Figure 1 shows that the GWAS genetic associations are for DNA differences that lie in-or-around a particular gene called SLC25A15

    ornt tp t1.png
    So what do we know about SLC25A15? Interestingly, it encodes a protein called Ornithine Transporter type 1 (ORNT1). This transports ornithine (as well as lysine and arginine) across the inner membrane of mitochondria to the mitochondrial matrix. Ornithine is an amino acid (but not incorporated into proteins) that plays a role in the urea cycle. This cycle plays an essential part in removing ammonia from the body (see point iv below).

    This analysis predicts that if you have a letter G at this position then (Figure 2):

    (i) if you are female, then you have a greater risk of ME/CFS;

    (ii) many of your cells (for example in the heart or hippocampus, but not in muscle or liver) would tend to produce less ORNT1 RNA and less ORNT1 protein; and,

    (iii) if so, then ornithine would build up in these cells and mitochondrial function overall would be impaired; and,

    (iv) ammonia would accumulate in the blood.


    ... read the full blog
     
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  2. wastwater

    wastwater Senior Member (Voting Rights)

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    SLC25A15 at 13q14.11
    I was interested in FOXO1A at that location as it's a suspected Axenfeld Rieger site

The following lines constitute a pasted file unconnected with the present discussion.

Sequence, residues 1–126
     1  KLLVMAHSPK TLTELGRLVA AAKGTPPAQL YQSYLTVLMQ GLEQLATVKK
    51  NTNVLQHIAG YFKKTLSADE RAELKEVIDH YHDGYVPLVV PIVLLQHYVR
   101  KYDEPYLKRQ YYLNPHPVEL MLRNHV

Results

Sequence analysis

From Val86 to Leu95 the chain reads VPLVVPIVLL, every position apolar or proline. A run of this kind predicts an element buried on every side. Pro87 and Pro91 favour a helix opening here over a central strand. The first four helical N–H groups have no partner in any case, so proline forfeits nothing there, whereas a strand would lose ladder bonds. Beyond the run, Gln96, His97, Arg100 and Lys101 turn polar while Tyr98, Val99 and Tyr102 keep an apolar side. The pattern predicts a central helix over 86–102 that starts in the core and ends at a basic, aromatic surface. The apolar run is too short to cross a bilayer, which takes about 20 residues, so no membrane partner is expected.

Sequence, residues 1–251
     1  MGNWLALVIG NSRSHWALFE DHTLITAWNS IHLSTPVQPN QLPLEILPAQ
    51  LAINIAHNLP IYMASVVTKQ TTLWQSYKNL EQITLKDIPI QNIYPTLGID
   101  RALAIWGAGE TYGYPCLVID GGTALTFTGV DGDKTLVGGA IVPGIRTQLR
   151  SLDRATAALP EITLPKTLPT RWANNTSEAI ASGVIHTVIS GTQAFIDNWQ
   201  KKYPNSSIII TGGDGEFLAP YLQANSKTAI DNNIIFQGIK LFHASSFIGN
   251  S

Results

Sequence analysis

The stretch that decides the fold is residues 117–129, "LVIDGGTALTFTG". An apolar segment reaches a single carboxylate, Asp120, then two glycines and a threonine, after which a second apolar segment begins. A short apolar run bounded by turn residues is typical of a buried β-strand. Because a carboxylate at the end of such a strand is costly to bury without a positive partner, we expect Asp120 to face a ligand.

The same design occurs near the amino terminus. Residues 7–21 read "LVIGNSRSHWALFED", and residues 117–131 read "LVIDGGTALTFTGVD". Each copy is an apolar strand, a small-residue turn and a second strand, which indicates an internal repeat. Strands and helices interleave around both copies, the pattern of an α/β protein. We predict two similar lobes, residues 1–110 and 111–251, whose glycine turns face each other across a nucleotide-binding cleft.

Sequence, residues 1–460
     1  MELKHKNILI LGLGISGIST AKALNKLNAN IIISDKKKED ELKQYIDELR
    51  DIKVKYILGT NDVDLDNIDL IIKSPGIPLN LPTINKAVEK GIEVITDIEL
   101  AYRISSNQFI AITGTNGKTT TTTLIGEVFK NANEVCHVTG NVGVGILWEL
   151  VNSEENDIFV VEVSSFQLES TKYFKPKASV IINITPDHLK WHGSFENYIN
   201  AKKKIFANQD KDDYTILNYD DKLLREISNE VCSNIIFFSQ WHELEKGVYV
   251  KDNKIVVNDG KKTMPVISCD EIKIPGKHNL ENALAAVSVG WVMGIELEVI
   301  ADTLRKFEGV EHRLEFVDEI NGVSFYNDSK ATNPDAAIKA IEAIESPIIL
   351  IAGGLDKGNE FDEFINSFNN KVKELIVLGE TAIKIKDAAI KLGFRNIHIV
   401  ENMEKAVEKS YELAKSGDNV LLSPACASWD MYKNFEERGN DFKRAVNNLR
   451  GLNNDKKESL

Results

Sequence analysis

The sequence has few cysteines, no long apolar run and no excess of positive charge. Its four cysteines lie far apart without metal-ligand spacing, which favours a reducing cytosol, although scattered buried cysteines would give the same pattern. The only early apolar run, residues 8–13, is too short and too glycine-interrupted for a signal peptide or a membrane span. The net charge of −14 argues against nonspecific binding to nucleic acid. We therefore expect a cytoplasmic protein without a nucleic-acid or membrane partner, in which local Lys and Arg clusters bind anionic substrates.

FOXC1 acts on FOXO1A
    I noted proline as potentially being involved there are many diagrams involving ornithine/proline
     
    Last edited: Sep 6, 2018
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  3. Londinium

    Londinium Senior Member (Voting Rights)

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    This is fascinating. One question I have (and apologies if I’ve misunderstood the article): is the lack of an equivalent result in males/both sexes as a whole because there is no such association in males, or because there is but due to a lack of power it just doesn’t reach the threshold for statistical significance?
     
  4. Andy

    Andy Committee Member & Outreach

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    To quote the blog
    So I read this to mean that they don't say whether they found a possible association or not, and even if they had a result then they wouldn't be confident in it due to sample size. Just my interpretation.
     
  5. Jonathan Edwards

    Jonathan Edwards Senior Member (Voting Rights)

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    Well there you go. I told Chris he had to analyse men and women separately in June.

    That seems a very pertinent question though @Londinium.


    The idea that there are at least two underlying causes for ME, one mostly female and one equally or maybe even more male seems to every plausible.

    I haven't read the full blog but I wonder if this mitochondrial protein would fit with the idea that the problem is a signalling one rather than a simple energy-supply one.
     
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  6. Sasha

    Sasha Senior Member (Voting Rights)